How Crime is Presented in the News Media Review Chermak observed that existing research that examined how crime is presented in the news media have established that 25 percent of the total news space available is devoted to crime (1998, p. 62). Moreover, that research indicated that serious personal crimes are the highest priority news items while white-collar and property crimes are the lowest priority ( Chermak , 1998, p. 62). Existing research have also demonstrated that some specific characteristics of both victim and defendant are more frequently presented in the news. For instance, victims are generally portrayed as young or elderly, Caucasian, and male ( Chermak , 1998, p. 62). In contrast, defendants are typically presented as...The end:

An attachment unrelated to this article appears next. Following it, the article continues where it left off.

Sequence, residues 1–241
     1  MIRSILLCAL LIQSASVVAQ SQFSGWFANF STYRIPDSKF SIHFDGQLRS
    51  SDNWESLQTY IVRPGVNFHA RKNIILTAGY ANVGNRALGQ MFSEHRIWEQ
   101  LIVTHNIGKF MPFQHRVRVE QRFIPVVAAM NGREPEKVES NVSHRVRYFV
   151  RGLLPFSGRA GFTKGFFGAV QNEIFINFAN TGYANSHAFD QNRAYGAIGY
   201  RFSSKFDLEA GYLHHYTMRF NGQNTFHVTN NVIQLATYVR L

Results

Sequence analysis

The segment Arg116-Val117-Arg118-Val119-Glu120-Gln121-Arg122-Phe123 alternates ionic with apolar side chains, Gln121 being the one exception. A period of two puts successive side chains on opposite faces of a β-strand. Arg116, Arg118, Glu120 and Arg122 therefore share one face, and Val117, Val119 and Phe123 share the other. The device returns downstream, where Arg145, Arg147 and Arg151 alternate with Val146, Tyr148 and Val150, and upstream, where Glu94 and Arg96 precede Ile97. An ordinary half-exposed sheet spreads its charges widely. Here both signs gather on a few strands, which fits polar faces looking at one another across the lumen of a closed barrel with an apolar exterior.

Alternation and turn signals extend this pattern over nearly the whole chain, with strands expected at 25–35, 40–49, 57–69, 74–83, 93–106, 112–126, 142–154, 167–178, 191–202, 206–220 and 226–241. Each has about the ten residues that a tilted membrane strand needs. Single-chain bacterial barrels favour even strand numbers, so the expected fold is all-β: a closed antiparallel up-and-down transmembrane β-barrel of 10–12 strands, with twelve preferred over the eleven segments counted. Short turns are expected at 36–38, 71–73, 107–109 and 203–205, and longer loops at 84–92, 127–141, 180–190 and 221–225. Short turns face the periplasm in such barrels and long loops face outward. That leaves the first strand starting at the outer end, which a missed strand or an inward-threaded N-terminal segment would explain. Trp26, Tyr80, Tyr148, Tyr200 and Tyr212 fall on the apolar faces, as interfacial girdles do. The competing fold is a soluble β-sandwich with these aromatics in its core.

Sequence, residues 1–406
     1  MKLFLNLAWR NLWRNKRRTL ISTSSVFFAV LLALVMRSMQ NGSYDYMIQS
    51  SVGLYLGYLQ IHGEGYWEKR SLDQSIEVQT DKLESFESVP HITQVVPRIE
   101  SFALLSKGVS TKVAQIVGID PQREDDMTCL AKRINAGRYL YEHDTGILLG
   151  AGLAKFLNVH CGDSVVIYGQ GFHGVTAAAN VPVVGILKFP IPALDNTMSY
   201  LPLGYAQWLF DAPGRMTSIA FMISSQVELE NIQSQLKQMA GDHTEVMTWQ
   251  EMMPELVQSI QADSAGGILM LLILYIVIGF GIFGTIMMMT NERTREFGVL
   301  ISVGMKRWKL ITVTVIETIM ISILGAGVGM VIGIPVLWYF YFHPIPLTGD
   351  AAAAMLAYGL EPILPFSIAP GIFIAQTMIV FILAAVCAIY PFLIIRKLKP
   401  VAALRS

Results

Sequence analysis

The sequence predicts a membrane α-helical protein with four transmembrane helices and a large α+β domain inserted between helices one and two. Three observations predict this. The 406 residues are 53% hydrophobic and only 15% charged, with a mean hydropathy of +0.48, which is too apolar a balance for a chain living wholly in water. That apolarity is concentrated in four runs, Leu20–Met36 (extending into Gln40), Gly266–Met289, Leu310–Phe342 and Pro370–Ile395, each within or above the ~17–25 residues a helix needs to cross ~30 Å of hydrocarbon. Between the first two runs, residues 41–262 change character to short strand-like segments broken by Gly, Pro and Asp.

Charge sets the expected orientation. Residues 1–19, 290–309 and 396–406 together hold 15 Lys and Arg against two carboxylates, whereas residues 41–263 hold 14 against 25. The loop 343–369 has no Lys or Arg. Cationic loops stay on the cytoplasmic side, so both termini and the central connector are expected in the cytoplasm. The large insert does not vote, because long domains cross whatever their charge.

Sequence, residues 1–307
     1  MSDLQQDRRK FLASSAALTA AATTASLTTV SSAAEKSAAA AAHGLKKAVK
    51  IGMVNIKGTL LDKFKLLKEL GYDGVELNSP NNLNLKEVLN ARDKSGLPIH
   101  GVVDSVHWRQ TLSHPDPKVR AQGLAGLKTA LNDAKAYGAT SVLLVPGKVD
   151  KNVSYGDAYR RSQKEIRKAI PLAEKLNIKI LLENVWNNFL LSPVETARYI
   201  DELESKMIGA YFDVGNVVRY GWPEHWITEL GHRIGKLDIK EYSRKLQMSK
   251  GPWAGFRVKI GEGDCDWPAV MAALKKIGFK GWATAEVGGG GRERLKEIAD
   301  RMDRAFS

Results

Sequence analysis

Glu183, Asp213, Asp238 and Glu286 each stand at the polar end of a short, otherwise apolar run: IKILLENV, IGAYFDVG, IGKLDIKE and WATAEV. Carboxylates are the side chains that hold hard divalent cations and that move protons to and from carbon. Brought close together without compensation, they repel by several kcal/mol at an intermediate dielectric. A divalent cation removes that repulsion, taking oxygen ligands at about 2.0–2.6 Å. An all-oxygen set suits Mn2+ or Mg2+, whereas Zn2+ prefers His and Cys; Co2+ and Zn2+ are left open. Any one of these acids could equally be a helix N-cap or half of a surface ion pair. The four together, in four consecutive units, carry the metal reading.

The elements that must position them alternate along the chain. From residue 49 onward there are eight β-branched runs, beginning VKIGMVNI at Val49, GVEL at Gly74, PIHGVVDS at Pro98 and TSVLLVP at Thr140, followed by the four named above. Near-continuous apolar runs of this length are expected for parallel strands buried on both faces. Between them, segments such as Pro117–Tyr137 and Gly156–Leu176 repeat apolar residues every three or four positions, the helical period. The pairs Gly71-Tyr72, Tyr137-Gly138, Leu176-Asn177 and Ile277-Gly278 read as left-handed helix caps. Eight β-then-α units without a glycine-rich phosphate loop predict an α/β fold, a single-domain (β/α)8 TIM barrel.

.....ious personal crimes more so than the ordinary property crimes. Victims and defendants that are unexpected such as a male police officer victim or a female violent criminal are also more likely to be reported in the media. Ultimately, the desire to produce fascinating and appealing news has resulted in the biased nature of crime reporting which may associate certain crimes with certain causes, precluding alternative explanations and rendering it inaccurate. References Chermak , S. (1998). Predicting crime story salience: the effects of crime, victim, and defendant characteristics. Journal of Criminal Justice, 26(1), 61-70. Sacco, V.F., & Kennedy, L.W. (2008). The criminal event: an introduction to criminology in Canada. Toronto: Nelson.